The Carnival, The City and The Sea: Haitian Art from the Perry Smith Collection of the New Orleans Museum of Art

December 11, 2015 – March 20, 2016

The art of Haiti has a rhythmic, syncopated imagery that is informed by both the traditions of Carnival and Vodun. The exhibition, The Carnival, the City and the Sea looks at the collection of Perry Smith, who acquired over 80 works of art during his time as a Christian missionary to Haiti. Housed in the collection archives of the New Orleans Museum of Art, the collection has been exhibited only once. A connoisseur of Haitian art, Smith collected some of the most notable of the tradition, including first generation artists, Toussaint Auguste and Philome Obin. In the collection are also artists from the school of Obin such as Etienne Chavannes and Antoine, Seneque, and Telemaque Obin, as well as works of world- renowned Haitian artists such as Wilson Bigaud, Rigaud Benoit, and Gerard Valcin.

The Carnival, the City and the Sea looks at three rhythms in Haitian life. Rara, as part of the Haitian Carnival is an annual festival that takes place over the Catholic Lent Season with many parades during the Easter week. The costumes and flags (drapos) displayed during Rara are elegantly adorned glistening beaded vests and banners, many eluding to the Haitian Loas or deities of Vodun.

The bustling cities of Haiti provide the inspiration for the part of the exhibition entitled “The City,” which has become a place of commerce, a site for performance and a virtual crossroads of class, culture and Haitian hybridity.

The last section of the exhibition is entitled “The Sea” and features works that look at the whimsical and intrinsic spiritual culture of Vodun in Haiti. Haitian Vodun is inextricably involved with the sea and all of its interconnected bodies of water as well as with the “bois” or Haitian jungle or forest. Within these elements, as with the mountains and the sky, the Loa, or Haitian deities are found. But it is the sea which is the starting point, the clear viscous line that separates the living and the dead. The sea was the site of the middle passage and holds the bodies of the African ancestors that did not make it through that voyage alive. The sea is also the realm of many important Loa and therefore it becomes a primordial and diasporic liminal site, haunted and ghostly, life-giving and affirming.

Imagined interactions between these three systems, and the unpredictable outcomes of such encounters, provide a point-of- departure for this amazing collection of Haitian Art. The exhibition encompasses a chronological look at the traditional Haitian school as well as touching upon the three vital elements within Haitian culture. Exhibited here are paintings, metalwork and papier-mache sculptures as well as elaborately painted screens and marvelous architectural cubes of breathtaking flora and fantastic cities. All of these works function as hybrids, borrowing freely from a wide range of existing patterns that exist within the magical and yet deeply scarred landscape of Haiti.  Vibrant colors of dragonfruit pinks, melon greens and sparkling teals are the choices for the wall colors and serve as a way to seduce the viewer with an invitation to embrace the playfulness and joyous spirituality of the Haitian experience. Beauty and whimsy become catalysts for creative energies in a world that explodes, disintegrates, and morphs into new forms on a daily basis. The exhibition is ultimately about the artistic possibilities that are a result of Haiti’s relationship with a landscape and a history that is increasingly complex and multi-layered.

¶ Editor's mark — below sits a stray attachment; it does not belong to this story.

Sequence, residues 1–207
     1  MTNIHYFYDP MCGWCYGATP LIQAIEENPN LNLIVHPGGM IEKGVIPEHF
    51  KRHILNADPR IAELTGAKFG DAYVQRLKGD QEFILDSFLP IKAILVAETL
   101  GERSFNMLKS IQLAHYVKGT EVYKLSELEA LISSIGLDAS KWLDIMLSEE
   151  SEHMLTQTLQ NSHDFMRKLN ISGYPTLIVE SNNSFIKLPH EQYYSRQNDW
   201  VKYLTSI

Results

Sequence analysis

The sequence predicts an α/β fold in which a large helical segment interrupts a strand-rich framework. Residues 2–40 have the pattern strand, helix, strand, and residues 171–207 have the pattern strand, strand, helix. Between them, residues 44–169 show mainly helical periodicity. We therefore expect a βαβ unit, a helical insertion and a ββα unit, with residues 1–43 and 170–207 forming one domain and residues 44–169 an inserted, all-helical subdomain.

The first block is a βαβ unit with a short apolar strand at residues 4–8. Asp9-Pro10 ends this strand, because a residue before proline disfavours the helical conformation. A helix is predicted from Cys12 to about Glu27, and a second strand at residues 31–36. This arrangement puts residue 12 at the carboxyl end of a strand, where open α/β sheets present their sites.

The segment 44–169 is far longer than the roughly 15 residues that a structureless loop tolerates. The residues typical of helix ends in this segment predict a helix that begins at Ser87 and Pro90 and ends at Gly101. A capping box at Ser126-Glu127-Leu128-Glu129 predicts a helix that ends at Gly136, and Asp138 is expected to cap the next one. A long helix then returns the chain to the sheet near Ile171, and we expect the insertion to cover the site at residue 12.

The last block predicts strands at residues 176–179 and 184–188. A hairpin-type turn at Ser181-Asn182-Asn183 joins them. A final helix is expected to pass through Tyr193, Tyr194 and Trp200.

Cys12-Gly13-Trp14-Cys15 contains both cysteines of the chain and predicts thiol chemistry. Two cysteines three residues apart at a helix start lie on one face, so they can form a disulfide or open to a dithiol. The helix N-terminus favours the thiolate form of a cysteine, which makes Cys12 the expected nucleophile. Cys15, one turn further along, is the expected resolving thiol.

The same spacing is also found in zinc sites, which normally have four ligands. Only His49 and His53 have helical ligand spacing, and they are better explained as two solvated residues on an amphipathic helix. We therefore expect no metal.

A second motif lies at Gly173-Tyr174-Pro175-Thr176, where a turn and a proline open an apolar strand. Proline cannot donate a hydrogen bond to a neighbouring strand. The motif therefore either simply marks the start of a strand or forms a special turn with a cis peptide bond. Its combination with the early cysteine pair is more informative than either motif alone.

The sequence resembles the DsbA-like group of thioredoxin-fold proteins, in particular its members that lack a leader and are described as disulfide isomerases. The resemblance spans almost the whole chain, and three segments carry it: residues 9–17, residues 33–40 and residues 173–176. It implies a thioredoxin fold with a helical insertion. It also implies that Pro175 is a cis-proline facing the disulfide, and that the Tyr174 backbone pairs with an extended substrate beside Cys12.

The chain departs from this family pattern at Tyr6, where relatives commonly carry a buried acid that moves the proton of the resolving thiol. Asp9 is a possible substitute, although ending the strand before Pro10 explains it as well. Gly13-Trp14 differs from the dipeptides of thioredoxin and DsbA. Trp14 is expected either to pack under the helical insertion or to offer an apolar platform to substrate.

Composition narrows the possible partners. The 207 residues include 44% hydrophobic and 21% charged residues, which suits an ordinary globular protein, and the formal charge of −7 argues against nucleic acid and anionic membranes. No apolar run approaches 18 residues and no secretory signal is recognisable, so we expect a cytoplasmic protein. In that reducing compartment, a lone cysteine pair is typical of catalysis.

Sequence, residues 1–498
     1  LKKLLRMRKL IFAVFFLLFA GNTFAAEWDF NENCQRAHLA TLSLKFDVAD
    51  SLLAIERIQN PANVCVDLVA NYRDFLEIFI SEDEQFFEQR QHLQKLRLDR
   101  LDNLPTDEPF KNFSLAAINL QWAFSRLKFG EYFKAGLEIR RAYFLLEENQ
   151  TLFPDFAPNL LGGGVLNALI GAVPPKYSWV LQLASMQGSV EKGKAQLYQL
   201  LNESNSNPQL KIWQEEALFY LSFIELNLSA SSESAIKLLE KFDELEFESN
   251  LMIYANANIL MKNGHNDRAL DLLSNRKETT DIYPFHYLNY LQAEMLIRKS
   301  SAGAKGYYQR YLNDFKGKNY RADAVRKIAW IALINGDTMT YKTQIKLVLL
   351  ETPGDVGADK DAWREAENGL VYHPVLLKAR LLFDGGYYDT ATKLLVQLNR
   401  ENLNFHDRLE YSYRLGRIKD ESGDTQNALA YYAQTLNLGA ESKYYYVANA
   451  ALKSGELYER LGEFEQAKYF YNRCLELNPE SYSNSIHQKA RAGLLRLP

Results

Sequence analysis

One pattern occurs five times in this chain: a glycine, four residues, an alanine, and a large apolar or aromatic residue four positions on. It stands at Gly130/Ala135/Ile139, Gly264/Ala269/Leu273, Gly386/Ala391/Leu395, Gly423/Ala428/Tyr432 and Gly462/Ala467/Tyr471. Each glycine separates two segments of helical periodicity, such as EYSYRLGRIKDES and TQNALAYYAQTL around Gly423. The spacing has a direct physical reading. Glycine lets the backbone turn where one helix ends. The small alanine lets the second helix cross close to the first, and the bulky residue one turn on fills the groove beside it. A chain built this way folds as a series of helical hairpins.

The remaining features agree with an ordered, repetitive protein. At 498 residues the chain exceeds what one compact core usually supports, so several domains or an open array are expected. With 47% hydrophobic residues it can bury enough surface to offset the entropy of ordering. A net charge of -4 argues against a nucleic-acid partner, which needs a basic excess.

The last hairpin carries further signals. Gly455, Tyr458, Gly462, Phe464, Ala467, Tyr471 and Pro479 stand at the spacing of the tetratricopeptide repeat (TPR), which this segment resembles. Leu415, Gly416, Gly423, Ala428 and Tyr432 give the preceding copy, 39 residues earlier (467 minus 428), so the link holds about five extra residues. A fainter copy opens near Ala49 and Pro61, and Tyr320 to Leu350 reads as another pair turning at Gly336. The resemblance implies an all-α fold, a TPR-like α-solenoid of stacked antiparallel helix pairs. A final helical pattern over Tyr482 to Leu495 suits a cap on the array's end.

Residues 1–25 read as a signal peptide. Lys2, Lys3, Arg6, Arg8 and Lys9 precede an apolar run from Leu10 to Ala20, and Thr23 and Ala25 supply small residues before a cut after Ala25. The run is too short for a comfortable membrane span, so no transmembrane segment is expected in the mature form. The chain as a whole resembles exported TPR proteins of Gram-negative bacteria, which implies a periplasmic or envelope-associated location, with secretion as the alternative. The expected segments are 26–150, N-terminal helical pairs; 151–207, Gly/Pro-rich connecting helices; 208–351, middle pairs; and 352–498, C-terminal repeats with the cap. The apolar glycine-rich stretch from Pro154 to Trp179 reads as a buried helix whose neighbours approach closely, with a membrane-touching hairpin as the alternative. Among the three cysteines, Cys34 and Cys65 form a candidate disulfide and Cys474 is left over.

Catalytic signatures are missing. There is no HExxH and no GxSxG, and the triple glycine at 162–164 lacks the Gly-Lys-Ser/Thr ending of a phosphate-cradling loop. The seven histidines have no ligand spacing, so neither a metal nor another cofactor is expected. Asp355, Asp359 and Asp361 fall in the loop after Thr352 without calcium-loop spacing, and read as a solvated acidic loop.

This exhibition is made possible in part by a Local Project Asisstance Grant from the Arts Council of Greater Baton Rouge, funded by the East Baton Rouge Parish Mayor-President and Metro Council.


DECEMBER 17: Vodun is a Mirror by Dr. Sarah Clunis

6:00pm  |  Free Admission

JANUARY 10: Conservation over Creole ad Coffee by Brian Costello

3pm  |  $5 per person/ Free for Members

JANUARY 14: From Disaster to Determination

Presentation and Panel Discussion on the Rebirth of Haiti by Dr. Austin Allen

6pm  |  Free Admission

JANUARY 17: Haitian Children's Game Day

2:00pm - 4:00pm  |  Free Admission

JANUARY 24: Mardi Gras Paint Party

Learn about the music and art of Haiti as Dee Hatch of Culture Canvas leads the group in painting your very own Mardi Gras-themed painting. Bring your own food/drink for an entertaining afternoon! 

2:30-5:00pm  |  $40 per person/ $36 for members

Spots limited to 20. Pre-registration is required.

FEBRUARY 21: Festival Arts in Louisiana and Haiti by Dr. Joyce Jackson + Flag Making Demonstration

3pm  |  $5 per person/ Free for members

FEBRUARY 28: Poetry workshop with Xero Skidmore of Forward Arts + Poetry Slam and Open Mic

2:00-5:00pm  |  Students age 14-21  |  $5 per person

MARCH 6: Haitian Compas Dance Class

3:00pm  |  $5 per person/ free for members